James Soane of Project Orange reflects on the challenge to the profession presented by the current environmental and climate crisis.

Is it OK to feel anxiety: about the climate, about our politics, the state of democracy, about the way we practice? As the architecture of our planet accelerates into a state of environmental degradation and unprecedented change we are likely to experience a complex emotional response. We prefer to believe that our own contributions to the discourse and profession of architecture have been hard fought and that our practices adjust to keep pace. However it is disquieting when we take notice of our inner voices; the ones telling us that everything is not OK, that we fear the future and that we need to act now. Everything we have learned has to be unlearned and much of what we value we will have to let go.

At the London School of Architecture we are framing the two year diploma around the question of how to react in a world of climate emergency. This necessarily means taking stock and figuring out what, if any, influence we may have as architects in the next few decades. One of the truly most disturbing interpretations of the climate science comes from Professor Jem Bendall, a Professor of Sustainability Leadership, whose previous career spanned twenty years working in sustainable business and finance. In 2018 he published a paper titled Deep Adaptation: A Map for Navigating Climate Tragedy in which he discusses the inevitable near-term social collapse due to climate change. He argues that we, as a global connected society, are still in denial over the scale and nature of the problem and that we hang onto a belief that it can be ‘solved’. As architects we have learned to respond to technical and aesthetic innovations. Yet the issue at stake here is the minimal evidence to suggest any country or system meaningfully reducing CO2 outputs, but there is a great deal of evidence to show that tipping points have already been exceeded and that climate chaos has been triggered. It is therefore critical that we allow ourselves space to discover and accept the stark scientific data in order to move into a process Bendall terms ‘deep adaption’. Here questions of how we become resilient, both as individuals and communities, as well as comprehend the scale of societal transformation that will happen need to be framed.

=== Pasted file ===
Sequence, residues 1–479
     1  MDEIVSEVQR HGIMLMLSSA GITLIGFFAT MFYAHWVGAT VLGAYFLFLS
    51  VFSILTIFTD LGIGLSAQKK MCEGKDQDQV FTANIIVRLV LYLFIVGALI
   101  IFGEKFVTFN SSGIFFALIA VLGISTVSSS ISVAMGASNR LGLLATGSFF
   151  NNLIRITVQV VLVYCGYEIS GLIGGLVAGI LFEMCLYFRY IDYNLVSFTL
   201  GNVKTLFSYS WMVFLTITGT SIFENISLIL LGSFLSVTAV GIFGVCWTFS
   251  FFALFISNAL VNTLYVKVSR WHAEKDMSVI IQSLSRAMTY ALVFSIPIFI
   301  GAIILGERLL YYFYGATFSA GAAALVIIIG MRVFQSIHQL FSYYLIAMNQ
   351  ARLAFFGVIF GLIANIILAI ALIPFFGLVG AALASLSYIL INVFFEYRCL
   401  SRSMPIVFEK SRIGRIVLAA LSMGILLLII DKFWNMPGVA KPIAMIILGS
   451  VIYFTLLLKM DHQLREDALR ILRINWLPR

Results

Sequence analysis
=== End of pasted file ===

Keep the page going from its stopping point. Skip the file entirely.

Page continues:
If all this sounds Biblical, that it is because it is. We have been sharing stories of catastrophe and end-of-days for millennia and yet in the generally temperate global north we have come to believe we have mastered our own destiny though designing our own future. We call this progress. But what if we have reached the end of progress and the necessary trajectory is degrowth? It is time to figure out which story we believe and in so doing share the sense of loss, grief and pain.

Yet we can begin to write radical new stories. Young people who have taken to the streets this year are showing it is possible to influence the dominant political and economic narratives. Just like our weather, they are disrupting the civic climate. Students at architecture schools are in a unique position to explore, test and share radical ideas about futurity. An alternative understanding of our global ecology is already being born, one in which human kind are no longer solely in charge. As a result  our cultural strategies and our architecture will necessarily be very different; our cities will not function in the way they do now and our practices will transform out of all recognition.

There is no doubt that this is a moral and ethical emergency asking each and every one of us to reflect on our values, our way of living and how we choose the pathways ahead. It is a time to empathise, re-connect and show solidarity with our global citizens. It is a hugely emotional time.

James Soane is a founding director of the Architecture Foundation supporters Project Orange.